With efforts to help those in need of overall good health, California became home to 25 pilot "Whole Person Care" (WPC) programs in 26 of the state's counties, early this year.
According to a recent report published in Health Affairs, the WPC pilot programs were implemented to address the medical and social service needs of the most vulnerable and highest-using Medicaid beneficiaries, such as those experiencing homelessness.
Since mid-March, the WPC programs have become more essential to those 26 counties and the state because of the international coronavirus (COVID-19) pandemic.
The state of California now has seen 54,937 total cases, 2,254 total deaths and has tested 715,751 total residents as of May 4.
Like many other states affected by COVID-19, California county health and public health departments have refocused their efforts on response to the pandemic and their resources are stretched very thin. The challenges to such emergency responses are well-documented and include the need for centralized leadership and rapid and effective information sharing; this is necessary to raise awareness of priorities and implement a coordinated response across all sectors that provide essential health and human services, according to the report.
WPC pilots can address these challenges, as they are typically led by county health or public health agencies and include an explicit focus on development of cross sector partnerships, forming multidisciplinary care teams, and building data sharing infrastructure to support care for vulnerable residents, the report says.
In April, Health Affair asked the pilots to describe whether and how they used WPC partnerships and infrastructure to respond to COVID-19 and whether the COVID-19 pandemic affected WPC implementation. A rating of 1 meant that a pilot did not rely at all on a WPC resource in their COVID-19 response; 5 meant that they relied on that resource to a great extent. Twenty-one of the 26 WPC counties, representing 20 WPC Pilots, responded to the questionnaire between April 7 and April 20, prior to the report being published in late April.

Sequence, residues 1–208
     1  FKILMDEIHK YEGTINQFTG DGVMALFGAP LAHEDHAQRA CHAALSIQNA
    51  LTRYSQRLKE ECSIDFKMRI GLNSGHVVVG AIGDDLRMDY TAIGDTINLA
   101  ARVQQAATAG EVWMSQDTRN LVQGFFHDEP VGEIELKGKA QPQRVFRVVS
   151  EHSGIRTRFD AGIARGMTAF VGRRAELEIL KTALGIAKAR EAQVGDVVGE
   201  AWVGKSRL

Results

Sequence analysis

Pilots reported relying extensively on nearly all WPC resources to coordinate their counties’ COVID-19 response. Pilots said they relied most extensively on the expertise of the multidisciplinary leaders and staff—with a median rating of 5—which were used to develop plans and implement them across agencies and service providers.
Pilots gave nearly as high ratings to interagency and other partner relationships developed as a result of WPC, and to WPC pilot program services. Both of these resources received a median rating of 4.
Finally, pilots said WPC data sharing infrastructure also had an impact on the COVID-19 response, but to a lesser degree (median rating of 3) than other WPC resources. This was likely due to significant variation in functionality of such infrastructure. Pilots with higher functionality were better able to facilitate remote work and disseminate data county-wide.